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Perl Arrays
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Arrays

Array constants are specified using parenthesis ( ) and the elements are separated with commas. Perl arrays are like lists or collections in other languages since they can grow and shrink, but in Perl they are just called "arrays". Array variable names begin with the at-sign (@). Unlike C, the assignment operator (=) works for arrays -- an independent copy of the array and its elements is made. Arrays may not contain other arrays as elements. Perl has sort of a "1-deep" mentality.

Actually, it's possible to get around the 1-deep constraint using "references", but it's no fun.
Arrays work best if they just contain scalars (strings and numbers). The elements in an array do not all need to be the same type.
                                              
@array = (1, 2, "hello");             ## a 3 element array
@empty = ();                          ## the array with 0 elements
$x = 1;
$y = 2;
@nums = ($x + $y, $x - $y);
## @nums is now (3, -1)


Just as in C, square brackets [ ] are used to refer to elements, so $a[6] is the element at index 6 in the array @a. As in C, array indexes start at 0. Notice that the syntax to access an element begins with '$' not '@' -- use '@' only when referring to the whole array.

(remember: all scalar expressions begin with $).
@array = (1, 2, "hello", "there");
$array[0] = $array[0] + $array[1];                    ## $array[0] is now 3

Perl arrays are not bounds checked. If code attempts to read an element outside the array size,
undef is returned. If code writes outside the array size, the array grows automatically to be big enough. Well written code probably should not rely on either of those features.


@array = (1, 2, "hello", "there");
$sum = $array[0] + $array[27];                  ## $sum is now 1, since $array[27]
returned undef
$array[99] = "the end";                         ## array grows to be size 100


When used in a scalar context, an array evaluates to its length. The "scalar" operator will force the evaluation of something in a scalar context, so you can use scalar() to get the length of an array.
As an alternative to using scalar, the expression $#array is the index of the last element of the array which is always one less than the length.


@array = (1, 2, "hello", "there");
$len = @array;                            ## $len is now 4 (the length of @array)
$len = scalar(@array)                     ## same as above, since $len represented a
scalar
                                          ## context anyway, but this is more explicit
@letters = ("a", "b", "c");
$i = $#letters;                           ## $i is now 2

That scalar(@array) is the way to refer to the length of an array is not a great moment in the history of readable code. At least I haven't showed you the even more vulgar forms such as (0 +@a).
The sort operator (sort @a) returns a copy of the array sorted in ascending alphabetic order.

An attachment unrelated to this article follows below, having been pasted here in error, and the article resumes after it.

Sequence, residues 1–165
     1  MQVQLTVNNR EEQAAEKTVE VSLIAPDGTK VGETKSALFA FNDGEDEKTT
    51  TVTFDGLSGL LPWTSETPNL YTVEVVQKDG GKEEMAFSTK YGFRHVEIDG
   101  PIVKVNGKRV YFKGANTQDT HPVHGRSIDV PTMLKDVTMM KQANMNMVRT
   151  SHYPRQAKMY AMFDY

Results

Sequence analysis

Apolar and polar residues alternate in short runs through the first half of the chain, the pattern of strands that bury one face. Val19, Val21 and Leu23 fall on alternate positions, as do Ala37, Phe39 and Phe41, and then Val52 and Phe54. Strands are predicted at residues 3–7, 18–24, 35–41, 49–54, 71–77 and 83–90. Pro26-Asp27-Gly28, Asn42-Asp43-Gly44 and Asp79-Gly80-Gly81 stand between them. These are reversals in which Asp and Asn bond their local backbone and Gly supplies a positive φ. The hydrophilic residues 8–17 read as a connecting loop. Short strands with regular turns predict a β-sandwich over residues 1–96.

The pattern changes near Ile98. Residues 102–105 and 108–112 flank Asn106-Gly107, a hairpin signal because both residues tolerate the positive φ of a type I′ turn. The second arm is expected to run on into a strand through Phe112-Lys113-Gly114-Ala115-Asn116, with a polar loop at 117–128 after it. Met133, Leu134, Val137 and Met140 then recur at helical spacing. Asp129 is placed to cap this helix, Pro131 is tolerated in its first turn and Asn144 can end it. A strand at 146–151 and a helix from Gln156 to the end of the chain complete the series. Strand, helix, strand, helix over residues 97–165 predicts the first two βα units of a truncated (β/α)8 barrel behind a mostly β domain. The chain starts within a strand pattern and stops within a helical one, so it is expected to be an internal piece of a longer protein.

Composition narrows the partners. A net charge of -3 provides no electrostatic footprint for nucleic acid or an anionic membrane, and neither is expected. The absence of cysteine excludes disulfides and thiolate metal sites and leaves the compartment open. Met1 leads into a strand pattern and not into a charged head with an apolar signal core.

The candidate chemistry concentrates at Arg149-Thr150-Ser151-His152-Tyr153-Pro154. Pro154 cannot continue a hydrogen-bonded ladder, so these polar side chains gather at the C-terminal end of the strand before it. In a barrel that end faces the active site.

Note that sort does not change the original array. Here are some common ways to sort...

(sort @array)                                        ## sort alphabetically, with uppercase first
(sort {$a <=> $b} @array)                            ## sort numerically
(sort {$b cmp $a} @array)                            ## sort reverse alphabetically
(sort {lc($a) cmp lc($b)} @array)                    ## sort alphabetically, ignoring case
(somewhat inefficient)

The sort expression above pass a comparator function {...} to the sort operator, where the special variables $a and $b are the two elements to compare -- cmp is the built-in string compare, and <=> is the built-in numeric compare.
There's a variant of array assignment that is used sometimes to assign several variables at once. If an array on the left hand side of an assignment operation contains the names of variables, the variables are assigned the corresponding values from the right hand side.


($x, $y, $z) = (1, 2, "hello", 4);
## assigns $x=1, $y=2, $z="hello", and the 4 is discarded

This type of assignment only works with scalars. If one of the values is an array, the wrong thing happens (see "flattening" below).
 

Array Add/Remove/Splice Functions
These handy operators will add or remove an element from an array. These operators change the array they operate on...
        Operating at the "front" ($array[0]) end of the array...
                shift(array) -- returns the frontmost element and removes it from the array. Can be used in a loop to gradually remove and examine all the elements in an array left to right. The foreach operator, below, is another way to examine all the elements.
                unshift(array, elem) -- inserts an element at the front of the array. Opposite of shift.
        Operating at the "back" ($array[$len-1]) end of the array...
                pop(array) -- returns the endmost element (right hand side) and removes it from the array.
                push(array, elem) -- adds a single element to the end of the array. Opposite of pop.
        splice(array, index, length, array2) -- removes the section of the array defined by index and length, and replaces that section with the elements from array2. If array2 is omitted, splice() simply deletes. For example, to delete the element at index $i  from an array, use splice(@array, $i, 1).

This Articles is written/submitted by puneet (Puneet Aggarwal). You can also contribute to Asicguru.com. Click here to start


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